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ANALYSIS Longheld views are being sacrificed on the altar of Brexit

3 min read

When pressed for time or constrained by resources, we are forced to make choices. This filtering process reveals your ultimate priorities; what you can and cannot live without, what you’re prepared to sacrifice and what must always remain in place.

The same principle is unfolding in British politics. Politicians from across historic and newly-formed Brexit dividing lines are suddenly finding out just what their real priorities are.

The vexed issue of the Irish border has led some Brexiteers to conclude that the Good Friday Agreement, now they think about it, isn’t all it’s cracked up to be. The blockage on the Northern Ireland question – an issue that could derail the negotiations or prohibit the type of Brexit sought by some Leave campaigners – has forced those salivating at the prospect of Britain’s EU exit to reassess the rigidity of the Belfast accord.

Writing in the Daily Mail last week, Norman Lamont revealed he no longer believes his long-held view that an unelected House of Lords is a good idea, after his colleagues inflicted not one but 14 defeats on the Government over Brexit. In the same paper this morning, Leave-supporting Tory MPs, some of whom opposed Lords reform in 2012, have lined up to denounce the “traitors in ermine”.

Conversely, pro-EU Labour MP Jess Phillips, a former opponent of the House of Lords, concluded in the Guardian, following recent events, that peers can serve a useful purpose. Alastair Campbell, a lifelong Burnley Football Club supporter, expressed hope that Liverpool wins the Champions League to show that “good things happen to those who put their head above the parapet against Brexit” (in reference to Reds manager Jurgen Klopp).

It has been fascinating to see what views people are prepared to sacrifice at the altar of Brexit.

Unlikely alliances are being formed among those who would otherwise have nothing in common. They are bound together in self-aggrandising quests to either see through the will of the people or prevent disaster for their country, depending on their disposition. Each is adamant that they will be on the right side of history.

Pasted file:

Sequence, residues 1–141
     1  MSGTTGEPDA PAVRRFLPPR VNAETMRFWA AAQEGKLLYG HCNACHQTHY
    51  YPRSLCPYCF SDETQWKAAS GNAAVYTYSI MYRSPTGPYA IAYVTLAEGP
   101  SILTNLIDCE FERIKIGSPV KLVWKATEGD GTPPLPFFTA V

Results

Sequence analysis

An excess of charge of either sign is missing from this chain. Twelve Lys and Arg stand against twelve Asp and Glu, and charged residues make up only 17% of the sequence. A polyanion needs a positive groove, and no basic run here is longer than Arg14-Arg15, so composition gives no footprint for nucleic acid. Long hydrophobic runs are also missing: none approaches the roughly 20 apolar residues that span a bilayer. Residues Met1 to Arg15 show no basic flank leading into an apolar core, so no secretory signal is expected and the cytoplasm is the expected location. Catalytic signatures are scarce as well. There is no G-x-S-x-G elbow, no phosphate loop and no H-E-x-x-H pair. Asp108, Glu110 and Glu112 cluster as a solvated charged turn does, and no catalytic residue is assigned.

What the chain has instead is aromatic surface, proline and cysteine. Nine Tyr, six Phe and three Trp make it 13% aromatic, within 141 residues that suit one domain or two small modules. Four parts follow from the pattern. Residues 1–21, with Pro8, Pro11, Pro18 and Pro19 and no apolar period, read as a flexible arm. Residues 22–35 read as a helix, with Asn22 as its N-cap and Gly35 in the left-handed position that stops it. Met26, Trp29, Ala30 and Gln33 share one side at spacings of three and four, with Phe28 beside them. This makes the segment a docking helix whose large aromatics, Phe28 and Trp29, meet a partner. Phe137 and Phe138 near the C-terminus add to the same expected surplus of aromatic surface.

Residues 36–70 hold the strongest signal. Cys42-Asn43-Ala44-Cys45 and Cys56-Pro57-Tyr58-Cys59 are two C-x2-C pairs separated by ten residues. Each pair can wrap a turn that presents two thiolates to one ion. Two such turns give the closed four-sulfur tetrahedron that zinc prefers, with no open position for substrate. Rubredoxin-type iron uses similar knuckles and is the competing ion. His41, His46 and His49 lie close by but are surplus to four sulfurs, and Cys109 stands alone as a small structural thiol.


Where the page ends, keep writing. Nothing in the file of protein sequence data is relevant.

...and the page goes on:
Previously mainstream politicians, including Labour peer Lord Adonis, find themselves not only as outriders but revelling in such a position. The sensible people are being turned silly; railing against BBC bias where none might exist and turning sharply against old allies.

It’s not hard to see how all this plays out. For some hardliners, the only palatable Brexit is a clean break. Any subsequent economic turmoil would be put down to Remoaners talking Britain down, as though unconstrained optimism was an adequate antidote to the sobering nature of reality. And any economic fallout from a Brexit formed of compromises would be dismissed because it was not pure.

On the other side, potential positives following Brexit will be attributed to whichever EU constructs Britain remains signed up to or whatever concessions were achieved during the negotiations that preserve the status quo.

Of course, this phenomenon is not limited to the Brexit debate. Labour’s recent muted performance in the local elections has been put down to disproportionate media coverage of claims regarding anti-Semitism in the party and not giving Jeremy Corbyn a fair hearing. No responsibility can be placed at the feet of the Absolute Boy.

Any evidence of failures in a belief system is blamed on outside interference or inadequate execution. Watch how quickly ideologues drop their previously revered heroes when the proverbial hits the fan.

The dogmatic nature of politics today perhaps explains the existential hung parliament last week’s results indicate – Britain is polarised.

The only hope for those stuck somewhere in Brexit purgatory is that the sensible people prevail. The trouble is, these days they seem few and far between.


Brexit Economy
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